Bellison uncorked a flood of horrible profanity, which, translated, meant, "This is extremely unusual."

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  7. #247
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    You talking to yourself, in here, Kalach? ... a metaphor isn't about describing reality ... it's a way to attempt to put into words something far more evanescent, ephemeral than that. The very word metaphor implies it's not literal; it's something just out of one's grasp to put words to. Therefore how can you say a metaphor is insufficient ... isn't that a given?
    "Remember always that you not only have the right to be an individual, you have an obligation to be one."
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    "When people see some things as beautiful,
    other things become ugly.
    When people see some things as good,
    other things become bad."
    Lao Tzu, Tao Te Ching

  8. #248
    Filthy Apes! Kalach's Avatar
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    Does no one read type descriptions anymore?

    To grasp the hidden, other worldly content objectively present in the thing or situation in front of you, use a metaphor. To describe a reality you perceive as more substantial than mere present circumstances, use something better.

    In the second task one is not comparing. One is directly describing. It is not to be considered metaphorical because the objective world is no more than a contingent part of the description.


    What do you want from subjectivity, that it be objective?
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  9. #249
    Protocol Droid Athenian200's Avatar
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    Quote Originally Posted by Kalach View Post
    To expound...


    Ni doesn't work unless the archetypal is conceived of as better than the "real" world, more substantial. "Perspective" from an Ni point of view comes from extroverted sensing. As such the "real" world is entertaining in its own right but lacks lustre. It is the mere "present", not the "real".
    Are you looking for this:

    Quote Originally Posted by Plato
    Plato's argument for premise 1: The world that we perceive with the senses often deceives us. This would not be so if the world and objects that we perceive with the senses were the real objects.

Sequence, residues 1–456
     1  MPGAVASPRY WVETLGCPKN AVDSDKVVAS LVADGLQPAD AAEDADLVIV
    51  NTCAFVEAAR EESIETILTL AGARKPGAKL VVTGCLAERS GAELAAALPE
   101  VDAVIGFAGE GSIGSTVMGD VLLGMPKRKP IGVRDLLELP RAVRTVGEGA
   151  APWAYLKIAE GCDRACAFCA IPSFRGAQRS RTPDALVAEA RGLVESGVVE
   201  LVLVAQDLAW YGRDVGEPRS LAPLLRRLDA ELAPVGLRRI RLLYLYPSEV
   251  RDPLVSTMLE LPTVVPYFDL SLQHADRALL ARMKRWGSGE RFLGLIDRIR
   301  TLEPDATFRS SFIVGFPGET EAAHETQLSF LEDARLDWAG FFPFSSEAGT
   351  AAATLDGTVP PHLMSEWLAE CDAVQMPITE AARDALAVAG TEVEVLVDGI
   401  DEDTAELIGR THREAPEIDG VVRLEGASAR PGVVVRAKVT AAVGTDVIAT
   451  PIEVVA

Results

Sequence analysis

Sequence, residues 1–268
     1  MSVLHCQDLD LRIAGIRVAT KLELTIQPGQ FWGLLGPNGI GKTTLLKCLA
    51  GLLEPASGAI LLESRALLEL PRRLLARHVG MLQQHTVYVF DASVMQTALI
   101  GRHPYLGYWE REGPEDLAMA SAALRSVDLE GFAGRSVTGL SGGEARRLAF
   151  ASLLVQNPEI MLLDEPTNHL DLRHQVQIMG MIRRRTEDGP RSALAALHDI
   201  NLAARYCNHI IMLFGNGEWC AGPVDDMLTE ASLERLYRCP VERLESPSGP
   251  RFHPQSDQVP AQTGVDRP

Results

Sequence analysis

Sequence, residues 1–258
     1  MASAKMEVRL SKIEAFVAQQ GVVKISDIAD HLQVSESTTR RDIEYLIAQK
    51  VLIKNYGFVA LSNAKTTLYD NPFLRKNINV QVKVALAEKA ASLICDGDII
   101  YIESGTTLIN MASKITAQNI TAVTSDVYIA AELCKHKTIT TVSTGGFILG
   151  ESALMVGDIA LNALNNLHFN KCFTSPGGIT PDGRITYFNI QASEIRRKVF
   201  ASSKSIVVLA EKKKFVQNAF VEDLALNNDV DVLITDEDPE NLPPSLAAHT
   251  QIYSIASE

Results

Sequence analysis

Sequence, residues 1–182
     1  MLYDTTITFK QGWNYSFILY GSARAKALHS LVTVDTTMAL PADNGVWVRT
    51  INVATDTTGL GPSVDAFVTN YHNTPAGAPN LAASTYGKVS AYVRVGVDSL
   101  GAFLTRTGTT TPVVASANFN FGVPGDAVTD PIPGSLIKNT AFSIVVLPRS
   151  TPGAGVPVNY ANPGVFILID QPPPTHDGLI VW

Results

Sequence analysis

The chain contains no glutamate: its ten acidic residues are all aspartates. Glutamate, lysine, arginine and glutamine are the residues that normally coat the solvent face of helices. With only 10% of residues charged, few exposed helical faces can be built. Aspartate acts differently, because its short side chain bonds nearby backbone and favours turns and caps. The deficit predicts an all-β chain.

It seems that all the objects we perceive with the senses are simply images or experiences in our mind. They are only subjective points of views on the real objects. For example, the world appears radically differently to a color blind person than it does to us. The objects that we perceive as colored, then, must not be the real objects, but just our experience of these objects that is determined by my particular subjective point of view and perceptual apparatus.

    Once one sees that the world that we perceive through the senses is not the real world but just an image of it, it becomes difficult to determine at what level of description we get in touch with the real objects that make up the world.

    In general, we assume that the more objective the concept or description, the more real the object it describes is. For example, when we see a person far away, we automatically follow our objective concept of humans as being about 6 feet tall and see the person as normal sized, even though the subjective image we have is of a very tiny person. In general, we form a more objective concept by combining different points of view into a more objective description that takes into account what all the other views had in common. This process is called dialectic: the back and forth discourse between different points of view that leads to their combination or synthesis into a more objective conception that takes into account both points of view.

    Plato's argument for the second premise: What then are the real objects? They cannot be the subjective images we perceive. These often deceive us.